Want to keep learning?

This content is taken from the University of Leeds's online course, Starting a Business 4: Business Processes. Join the course to learn more.

Welcome to the course

Welcome to the fourth course in the Starting a business series. In this course we consider business processes.

This course is just one of a series designed by the University of Leeds for school-based learners and their teachers. As this is an open course, we do also welcome other learners; as you will have seen from the welcome area, we have a diverse cohort signed up. However, it is important to recognise that this course, and the content and activities within it, has been specifically designed to help those studying at school or college make the transition to studying at university or the work place.

We have provided a course map to help you navigate your journey through the course: click on the image to access, or you can download the map from the Downloads section below.

An image showing the course map - find the full version in the 'Downloads' section below

Whether you already have an idea for a business or you just have an interest in how businesses emerge, the first week of the course will be of interest. We hear from Dr Stephen King, a senior lecturer in Information Management. We also meet Sophie, an entrepreneur trying to determine her way forward with her business production.

A photograph of Sophie

Sharing your ideas?

During the second week of the course you will have the opportunity to share your business ideas with fellow learners. You can refine your thoughts and improve your business plans by asking others to challenge your ideas. You may find learners with similar ideas; collaborations might prove a possible route forward.

However, it is important to remember that we live in a competitive world – if you do have an idea for the ‘next big thing’, you may choose to keep some of the details to yourself.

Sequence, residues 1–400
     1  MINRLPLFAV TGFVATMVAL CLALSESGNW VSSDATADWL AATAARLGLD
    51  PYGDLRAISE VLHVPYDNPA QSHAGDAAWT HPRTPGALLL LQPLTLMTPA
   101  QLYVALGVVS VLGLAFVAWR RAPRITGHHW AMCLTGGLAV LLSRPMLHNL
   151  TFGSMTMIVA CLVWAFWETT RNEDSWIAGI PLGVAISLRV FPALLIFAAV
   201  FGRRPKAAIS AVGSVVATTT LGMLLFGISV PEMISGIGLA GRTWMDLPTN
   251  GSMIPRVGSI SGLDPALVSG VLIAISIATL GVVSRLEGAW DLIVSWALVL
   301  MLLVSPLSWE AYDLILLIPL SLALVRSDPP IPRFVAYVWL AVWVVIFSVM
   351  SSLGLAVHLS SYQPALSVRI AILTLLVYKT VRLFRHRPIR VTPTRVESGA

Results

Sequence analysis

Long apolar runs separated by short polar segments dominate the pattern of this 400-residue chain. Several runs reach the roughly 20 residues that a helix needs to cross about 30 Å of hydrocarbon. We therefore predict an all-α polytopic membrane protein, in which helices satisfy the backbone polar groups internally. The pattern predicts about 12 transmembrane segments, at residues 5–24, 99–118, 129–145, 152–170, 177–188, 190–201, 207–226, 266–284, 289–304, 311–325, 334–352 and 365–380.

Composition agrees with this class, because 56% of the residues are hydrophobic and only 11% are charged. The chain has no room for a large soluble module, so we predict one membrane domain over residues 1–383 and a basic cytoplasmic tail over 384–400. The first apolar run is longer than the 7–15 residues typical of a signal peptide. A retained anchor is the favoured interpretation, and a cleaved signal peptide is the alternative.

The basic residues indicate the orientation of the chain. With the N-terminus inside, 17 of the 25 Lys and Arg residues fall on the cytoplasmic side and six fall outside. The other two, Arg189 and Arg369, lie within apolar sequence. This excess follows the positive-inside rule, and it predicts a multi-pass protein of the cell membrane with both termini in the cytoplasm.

You need to weigh up the risk involved by sharing your ideas against this great opportunity to receive feedback and learn from others. Whether you discuss your ideas in full or part is completely up to you; we just want you take a moment to consider the possible repercussions before you jump in.

To find out more about protecting your intellectual property, you can access the UK Government site in the See Also section below.

Working as part of a small group

This course includes the opportunity to work as part of a study group. You can access the study group tab at the top of any step to join a study group for this course.

Your study group is a place to get to know a small group of fellow learners; as well as a place to support and encourage each other, and discuss what you’re learning in depth with the same set of people during the course.

It’s also a place for collaboration. You can visit your group whenever you like, but for some activities we will ask you to complete tasks, discuss an idea or collaborate specifically within your study group.

You can join a group now, or at any time throughout the course. If your group is quiet, try posting a new question or respond to an existing comment to help stimulate discussion. If you are not satisfied with your study group, you can always choose to leave it and join a different one.

Have your say:

Now we’d like to hear about you. Please use the comments to introduce yourself and share your reasons for joining this course. Please also let us know where you are from; this course is open to learners world-wide.

Take some time to read the posts from other learners. If you come across someone with similar interests to you, you may choose to ‘follow’ them. You can then filter the discussions to only view the comments from those you are following. This can help to make discussions easier to manage.

Next steps

When you are ready to move on, click ‘Mark as complete’. You can monitor your progress through the course by selecting ‘Progress’ at the top of page. This will show you the steps you have completed and will provide your score for the end of course test.

Share this article:

This article is from the free online course:

Starting a Business 4: Business Processes

University of Leeds